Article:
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Se mi o ti c s

Denotation and connotation

A further important distinction exists between two dimensions of meaning – two ‘levels of signifi cation’:

Denotation: the primary direct ‘given’ meaning the sign has –

e.g. a military uniform and insignia will denote a particular class or rank (private, sergeant, captain, general and so on).

Connotation: the secondary indirect meaning derived from what the

sign ‘suggests’ – for example, military uniforms may connote valour, manliness, oppression, conformity and so on – as the result of collective cultural attitudes or unique personal associations.

Both levels of meaning clearly operate in the still from The Birth of a Nation (opposite). Everyone will recognise a hectic battlefi eld scene and many will recognise the uniform of an offi cer in the Southern Confederate army during the American Civil War. This is the factually based denotative meaning.

However, the connotations it has, the ideas it evokes, will vary enormously according to the viewer’s attitudes to war in general and that war in particular. This leads to another central insight of fi lm semiotics: meaning does not reside in the fi lm like some buried treasure awaiting discovery. Meaning is the result of the interaction between the fi lm and the audience – it is a fl uctuating process only partially at the fi lm-maker’s command. Nevertheless, it is his or her task to exert maximum possible control – to anticipate the range of likely connotations and nudge the audience in the desired direction.

A fi lm is never really good unless the camera is an eye in the head of a poet.

Orson Welles, director, writer, actor and producer

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R e a d in g t h e s ig n s > Making me aning > C o d e s a n d fi lter s

The Birth of a Nation (dir: D. W. Griffi th 1915)

This image of battle sticks in the memory. Whether attacking a cannon with a fl ag appears courageous, cavalier or just plain crazy – depends, in part, on the way we interpret his ecstatic expression.

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Se mi o ti c s

In his attempt to discover the essential underlying structure

beneath any and all narratives, the French literary theorist

Roland Barthes identifi ed fi ve separate signifying systems

or frameworks through which texts communicate. As we’ll

explore further in Chapter 2, his analysis is just as relevant

and revealing about fi lm, and can help clarify some of the

issues of communication that are central to successful

fi lm-making.

Five systems of meaning

These systems are referred to as ‘codes’. However, this term can be rather misleading and confusing. Barthes doesn’t mean that fi lm-makers and others are deliberately adopting a ‘code’, which then needs to be cracked by some special act of intelligence. What he is saying is that narrative artists generate meanings by employing pre-existing structures.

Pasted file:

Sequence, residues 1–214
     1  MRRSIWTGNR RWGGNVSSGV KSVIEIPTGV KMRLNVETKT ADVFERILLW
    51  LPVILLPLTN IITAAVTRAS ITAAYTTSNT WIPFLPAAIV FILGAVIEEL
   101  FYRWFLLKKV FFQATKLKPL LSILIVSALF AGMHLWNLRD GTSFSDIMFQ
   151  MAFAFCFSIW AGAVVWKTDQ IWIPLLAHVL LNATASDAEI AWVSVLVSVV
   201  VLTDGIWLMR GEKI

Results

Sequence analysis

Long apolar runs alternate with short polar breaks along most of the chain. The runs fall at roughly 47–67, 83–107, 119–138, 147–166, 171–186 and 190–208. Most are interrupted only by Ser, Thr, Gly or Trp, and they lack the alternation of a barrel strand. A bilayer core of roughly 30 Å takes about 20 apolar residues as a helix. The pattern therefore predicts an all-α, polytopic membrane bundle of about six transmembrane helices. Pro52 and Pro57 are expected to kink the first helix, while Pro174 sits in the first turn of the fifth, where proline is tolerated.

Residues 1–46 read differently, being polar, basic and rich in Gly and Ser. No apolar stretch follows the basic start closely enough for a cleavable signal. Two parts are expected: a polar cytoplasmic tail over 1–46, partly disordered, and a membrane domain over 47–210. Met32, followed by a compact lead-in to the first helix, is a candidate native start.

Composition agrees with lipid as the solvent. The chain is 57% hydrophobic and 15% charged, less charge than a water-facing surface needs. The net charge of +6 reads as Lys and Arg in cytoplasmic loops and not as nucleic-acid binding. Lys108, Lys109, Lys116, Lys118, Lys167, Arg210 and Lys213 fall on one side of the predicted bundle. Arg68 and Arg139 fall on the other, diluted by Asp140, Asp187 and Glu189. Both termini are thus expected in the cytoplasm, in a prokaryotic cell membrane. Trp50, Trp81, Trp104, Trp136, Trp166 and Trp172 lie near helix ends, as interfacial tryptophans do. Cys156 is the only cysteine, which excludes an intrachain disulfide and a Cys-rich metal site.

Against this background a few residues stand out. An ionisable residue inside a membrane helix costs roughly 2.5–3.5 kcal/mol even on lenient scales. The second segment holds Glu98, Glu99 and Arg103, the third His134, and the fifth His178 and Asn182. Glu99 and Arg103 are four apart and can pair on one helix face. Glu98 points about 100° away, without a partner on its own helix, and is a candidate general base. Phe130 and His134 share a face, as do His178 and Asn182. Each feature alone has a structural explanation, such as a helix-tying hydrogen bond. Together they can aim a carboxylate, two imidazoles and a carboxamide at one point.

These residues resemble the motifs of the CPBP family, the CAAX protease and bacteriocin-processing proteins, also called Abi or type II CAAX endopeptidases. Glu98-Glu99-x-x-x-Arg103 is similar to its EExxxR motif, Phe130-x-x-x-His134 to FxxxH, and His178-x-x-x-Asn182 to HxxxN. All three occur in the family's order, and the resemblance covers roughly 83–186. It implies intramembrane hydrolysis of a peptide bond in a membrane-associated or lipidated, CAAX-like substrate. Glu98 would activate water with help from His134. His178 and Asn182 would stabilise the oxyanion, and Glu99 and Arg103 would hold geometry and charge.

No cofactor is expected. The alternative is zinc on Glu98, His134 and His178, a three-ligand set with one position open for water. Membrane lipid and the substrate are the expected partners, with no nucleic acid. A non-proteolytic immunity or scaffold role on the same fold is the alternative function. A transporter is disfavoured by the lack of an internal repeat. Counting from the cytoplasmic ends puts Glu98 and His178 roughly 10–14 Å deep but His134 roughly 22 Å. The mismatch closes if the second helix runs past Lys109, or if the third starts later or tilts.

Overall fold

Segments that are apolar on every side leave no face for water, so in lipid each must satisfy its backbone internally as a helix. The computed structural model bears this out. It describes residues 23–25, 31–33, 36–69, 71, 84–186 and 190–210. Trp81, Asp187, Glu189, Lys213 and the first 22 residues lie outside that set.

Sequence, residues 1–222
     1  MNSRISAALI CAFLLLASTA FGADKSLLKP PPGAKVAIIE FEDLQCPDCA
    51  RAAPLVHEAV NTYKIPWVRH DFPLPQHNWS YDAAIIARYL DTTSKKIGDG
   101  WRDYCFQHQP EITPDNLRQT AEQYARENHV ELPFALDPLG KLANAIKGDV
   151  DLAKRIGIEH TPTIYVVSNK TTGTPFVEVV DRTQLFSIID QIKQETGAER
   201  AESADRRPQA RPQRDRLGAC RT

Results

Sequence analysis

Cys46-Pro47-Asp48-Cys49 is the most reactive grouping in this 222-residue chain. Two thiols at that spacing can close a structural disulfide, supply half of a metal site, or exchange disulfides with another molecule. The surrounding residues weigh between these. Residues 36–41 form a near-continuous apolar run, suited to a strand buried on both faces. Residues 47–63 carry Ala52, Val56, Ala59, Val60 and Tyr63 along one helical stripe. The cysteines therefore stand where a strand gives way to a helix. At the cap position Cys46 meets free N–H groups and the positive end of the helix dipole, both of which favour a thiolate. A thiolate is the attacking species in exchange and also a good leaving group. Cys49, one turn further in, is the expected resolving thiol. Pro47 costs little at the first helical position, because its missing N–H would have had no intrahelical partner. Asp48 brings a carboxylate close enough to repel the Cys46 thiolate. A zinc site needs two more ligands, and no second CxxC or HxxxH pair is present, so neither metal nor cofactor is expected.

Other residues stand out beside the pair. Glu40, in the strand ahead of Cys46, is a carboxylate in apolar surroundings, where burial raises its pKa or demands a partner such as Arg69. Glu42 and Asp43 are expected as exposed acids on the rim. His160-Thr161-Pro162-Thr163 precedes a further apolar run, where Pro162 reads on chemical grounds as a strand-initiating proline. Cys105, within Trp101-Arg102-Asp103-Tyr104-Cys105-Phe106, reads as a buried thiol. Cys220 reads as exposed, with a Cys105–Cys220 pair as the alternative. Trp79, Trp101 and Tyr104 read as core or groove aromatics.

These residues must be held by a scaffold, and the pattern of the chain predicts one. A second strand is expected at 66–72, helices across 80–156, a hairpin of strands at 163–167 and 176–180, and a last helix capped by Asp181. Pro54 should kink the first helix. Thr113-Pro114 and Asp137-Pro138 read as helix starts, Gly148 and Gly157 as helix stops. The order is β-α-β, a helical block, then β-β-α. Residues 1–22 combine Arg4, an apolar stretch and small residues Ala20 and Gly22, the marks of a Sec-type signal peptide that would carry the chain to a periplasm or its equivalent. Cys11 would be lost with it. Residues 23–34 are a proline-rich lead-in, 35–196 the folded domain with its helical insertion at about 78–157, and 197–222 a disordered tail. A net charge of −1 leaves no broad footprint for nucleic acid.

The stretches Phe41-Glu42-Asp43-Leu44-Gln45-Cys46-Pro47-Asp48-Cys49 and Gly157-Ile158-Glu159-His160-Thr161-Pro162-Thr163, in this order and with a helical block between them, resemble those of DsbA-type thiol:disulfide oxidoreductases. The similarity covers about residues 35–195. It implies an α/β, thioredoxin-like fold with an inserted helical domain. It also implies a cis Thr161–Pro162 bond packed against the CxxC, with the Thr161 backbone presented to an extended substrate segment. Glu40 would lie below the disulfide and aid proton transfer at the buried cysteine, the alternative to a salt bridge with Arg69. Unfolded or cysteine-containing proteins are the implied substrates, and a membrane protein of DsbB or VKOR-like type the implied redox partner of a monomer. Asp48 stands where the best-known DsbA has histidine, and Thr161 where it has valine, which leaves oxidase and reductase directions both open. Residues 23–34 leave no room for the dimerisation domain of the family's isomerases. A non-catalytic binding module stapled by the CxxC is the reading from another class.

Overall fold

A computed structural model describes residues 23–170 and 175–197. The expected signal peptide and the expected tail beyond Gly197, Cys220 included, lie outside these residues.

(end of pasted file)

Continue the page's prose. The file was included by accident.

The fi lm-maker doesn’t elect to use these systems; he or she just decides how to deploy them in a particular situation. They are structures that inevitably come into play the instant anyone starts to organise signs into narrative coherence. Taken together they are to narrative what grammar is to language. They have to be in place for anything to make sense.

Audiences use these conventional systems to construct meaning from texts. None of us need formal training to either encode or decode narrative information in this way – any more than we learned our native language by being told a set of rules or procedures. In both cases, we subconsciously learn as we are immersed in a language-world full of signs and stories.

It may be helpful to re-imagine these ‘codes’ as fi ve different types of grid, mesh or net in which the signs that make up the text are captured, sifted and meaningfully related one to another. Each net catches different kinds of material; and taken together they constitute a kind of network through which signs are fi ltered and our perception organised.

Glossary

Roland Barthes: A French

semiotician whose major work, published 1950–70, sought to locate the universal structure and narrative conventions from which the impression of meaning is created in realist texts. Barthes published a range of material in journals and in book form. Amongst the most notable works are Mythologies (1957), The Essentials of Semiology (1964) and S/Z (1970)

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Barthes’ fi ve codes, or ‘systems of meaning’, are as follows:

1 The enigma code

This is the principal structuring device that sparks the audience’s interest and drives a movie forward. All fi lms deliberately set puzzles, pose problems, hint at secrets to be divulged, mysteries to be unravelled, and hopes fulfi lled. This is what ignites curiosity, holds attention, and creates suspense and surprise. By withholding and strategically delaying the release of narrative information, fi lm-makers control the audience.